We’re only having 200 memberships total. We want people who will be great ambassadors, good people trying to make a difference who have a certain energy about them. We’re not vetting them as much as a Soho House but we want people who are bringing something to the table and have a certain energy. Memberships include unlimited cryo, unlimited classes, one vitamin IV a month, and one other treatment a month. Founding members get a quarterly health coach, who hold you accountable for your own self-care.
The whole premise of what we are doing is we’re giving the average person what Olympic and pro athletes do.
Some of these treatments sound so trendy. What’s the health science behind why you offer this particular mix of programs?
We’ve done everything from the curated blend of every IV to our overall program, which is based on the seven elements of balance: mind, oxygen, movements, nutrients, cold, heat and compression. We’re the only place to have all of these things in one place. We can put someone in a certain series of back-to-back treatments and heal people faster. There’s so much clinical and research evidence of how combining hot and cold therapy or oxygen with cold and movement is effective. The whole premise of what we are doing is we’re giving the average person what Olympic and pro athletes do.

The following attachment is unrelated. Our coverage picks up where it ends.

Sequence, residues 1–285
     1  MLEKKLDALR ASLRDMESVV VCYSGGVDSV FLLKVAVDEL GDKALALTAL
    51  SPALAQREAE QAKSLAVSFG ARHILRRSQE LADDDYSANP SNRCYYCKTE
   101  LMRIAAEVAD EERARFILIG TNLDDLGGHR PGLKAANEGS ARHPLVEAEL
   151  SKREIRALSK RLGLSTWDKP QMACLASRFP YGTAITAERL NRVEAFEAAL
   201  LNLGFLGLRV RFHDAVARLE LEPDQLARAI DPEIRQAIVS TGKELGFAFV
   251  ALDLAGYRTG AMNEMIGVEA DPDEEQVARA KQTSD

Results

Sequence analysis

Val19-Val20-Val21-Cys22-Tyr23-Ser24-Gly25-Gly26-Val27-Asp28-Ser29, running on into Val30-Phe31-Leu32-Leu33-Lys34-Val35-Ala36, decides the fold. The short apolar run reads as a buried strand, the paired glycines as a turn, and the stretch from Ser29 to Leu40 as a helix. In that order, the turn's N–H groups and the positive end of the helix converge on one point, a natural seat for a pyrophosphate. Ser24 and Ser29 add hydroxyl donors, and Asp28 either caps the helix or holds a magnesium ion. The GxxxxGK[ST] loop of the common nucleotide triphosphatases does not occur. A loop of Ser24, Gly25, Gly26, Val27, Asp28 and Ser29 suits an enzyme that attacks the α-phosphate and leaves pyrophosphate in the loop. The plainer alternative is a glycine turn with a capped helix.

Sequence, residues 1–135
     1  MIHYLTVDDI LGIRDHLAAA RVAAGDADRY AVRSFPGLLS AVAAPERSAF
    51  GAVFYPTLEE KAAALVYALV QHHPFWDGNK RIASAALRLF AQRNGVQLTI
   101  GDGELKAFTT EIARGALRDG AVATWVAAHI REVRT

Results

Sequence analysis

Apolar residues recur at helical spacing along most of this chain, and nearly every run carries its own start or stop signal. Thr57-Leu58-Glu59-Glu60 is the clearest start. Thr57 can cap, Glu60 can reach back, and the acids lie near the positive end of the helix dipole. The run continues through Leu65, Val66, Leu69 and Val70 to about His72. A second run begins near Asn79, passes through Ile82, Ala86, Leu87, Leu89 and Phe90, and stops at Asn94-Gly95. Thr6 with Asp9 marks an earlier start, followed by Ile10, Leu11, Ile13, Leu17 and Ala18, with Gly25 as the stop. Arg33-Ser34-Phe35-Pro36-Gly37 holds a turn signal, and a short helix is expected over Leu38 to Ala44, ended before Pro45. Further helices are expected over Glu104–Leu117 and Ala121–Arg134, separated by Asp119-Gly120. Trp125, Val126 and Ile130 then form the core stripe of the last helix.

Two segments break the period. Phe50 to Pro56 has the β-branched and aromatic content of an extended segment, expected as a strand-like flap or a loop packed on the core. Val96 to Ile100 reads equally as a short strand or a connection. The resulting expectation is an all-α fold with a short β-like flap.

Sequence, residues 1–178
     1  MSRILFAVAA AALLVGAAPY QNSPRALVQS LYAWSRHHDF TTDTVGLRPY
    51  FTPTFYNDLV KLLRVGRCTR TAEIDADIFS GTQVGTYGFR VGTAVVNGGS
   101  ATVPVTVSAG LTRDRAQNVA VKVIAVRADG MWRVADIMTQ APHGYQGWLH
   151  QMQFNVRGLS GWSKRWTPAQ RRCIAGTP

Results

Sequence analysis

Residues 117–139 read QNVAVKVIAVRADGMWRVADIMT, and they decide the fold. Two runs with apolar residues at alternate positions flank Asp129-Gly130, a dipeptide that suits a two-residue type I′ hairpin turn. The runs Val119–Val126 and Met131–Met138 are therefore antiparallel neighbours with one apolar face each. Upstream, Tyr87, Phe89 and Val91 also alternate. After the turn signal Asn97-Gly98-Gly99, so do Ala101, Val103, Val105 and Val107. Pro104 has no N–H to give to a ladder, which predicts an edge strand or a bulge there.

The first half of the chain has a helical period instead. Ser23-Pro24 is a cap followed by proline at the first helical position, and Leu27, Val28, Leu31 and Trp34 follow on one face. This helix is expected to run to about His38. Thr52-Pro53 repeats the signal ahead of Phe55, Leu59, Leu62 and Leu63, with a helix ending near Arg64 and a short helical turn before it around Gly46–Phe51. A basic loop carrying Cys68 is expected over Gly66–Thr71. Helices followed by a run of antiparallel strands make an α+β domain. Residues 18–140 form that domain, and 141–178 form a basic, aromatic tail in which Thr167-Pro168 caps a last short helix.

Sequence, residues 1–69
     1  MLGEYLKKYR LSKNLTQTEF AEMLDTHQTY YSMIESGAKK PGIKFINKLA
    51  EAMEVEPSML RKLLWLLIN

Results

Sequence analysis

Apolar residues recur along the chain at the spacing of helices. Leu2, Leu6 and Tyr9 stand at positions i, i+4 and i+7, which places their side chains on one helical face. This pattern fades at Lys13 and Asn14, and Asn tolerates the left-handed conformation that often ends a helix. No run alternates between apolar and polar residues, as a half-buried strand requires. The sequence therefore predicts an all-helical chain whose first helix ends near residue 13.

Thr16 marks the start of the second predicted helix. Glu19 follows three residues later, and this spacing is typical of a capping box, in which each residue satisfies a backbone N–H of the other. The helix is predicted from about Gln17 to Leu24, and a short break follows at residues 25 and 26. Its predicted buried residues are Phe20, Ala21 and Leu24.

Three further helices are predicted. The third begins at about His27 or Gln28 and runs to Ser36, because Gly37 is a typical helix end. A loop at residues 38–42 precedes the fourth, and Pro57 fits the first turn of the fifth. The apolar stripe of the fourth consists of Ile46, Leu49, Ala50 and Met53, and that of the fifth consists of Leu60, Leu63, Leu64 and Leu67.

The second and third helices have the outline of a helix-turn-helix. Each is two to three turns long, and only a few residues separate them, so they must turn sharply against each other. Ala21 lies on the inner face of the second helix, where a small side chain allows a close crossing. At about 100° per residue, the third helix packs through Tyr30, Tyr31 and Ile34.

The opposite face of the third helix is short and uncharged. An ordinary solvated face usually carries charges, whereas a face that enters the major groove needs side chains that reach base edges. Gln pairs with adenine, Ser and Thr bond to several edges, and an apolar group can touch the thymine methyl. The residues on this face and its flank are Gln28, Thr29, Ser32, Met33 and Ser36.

What complaints do you hear the most with patients in L.A.?
Outside of the common cold, the number one thing I see is just low back pain. We’re seated more. Our postures are getting worse and worse because of our lifestyles. Number two is the complications on people’s health with their travel schedules. Your body isn’t made to handle the changes in humidity and pressure and slower digestion and dehydration and jet lag that comes with flying. And more and more everyone has some sort of gut or digestive problems.
Are their foods you recommend people avoid?
We don’t need gluten, dairy, soy, corn, or eggs ever. If everyone just cut that out, 80 percent of their health problems would probably go away.
Is it realistic for people to cut out that much from their diet?
I would work toward trying to achieve the 80/20 rule, doing something good 80 percent of the time.
Why was elevating the design of the place so important to you?
I mean, design is everything. There is so much psychology behind design. From the darker tones and rounded shapes and even the texture of the walls—we’re doing these Venetian plasters—it is all about being the exact opposite of a white, sterile clinic. Every single room is supposed to mimic the room of a house and be soothing and comforting. That’s why we even have two different sound systems in the space; one is an underlying sound frequency that allows you to relax.
Are you looking to attract the sober community in L.A.?
There’s a reason these companies that make non-alcoholic spirits are taking off. I also think there’s a younger generation that is spending a lot more on being healthy and a lot less on alcohol. So the first Friday of every week we will have a euphorics night where we’ll have a mixologist come in blending all these healthy drinks that kind of taste like alcohol but aren’t, and have a bit of energy buzz.
Remedy Place, 8305 Sunset Blvd., West Hollywood.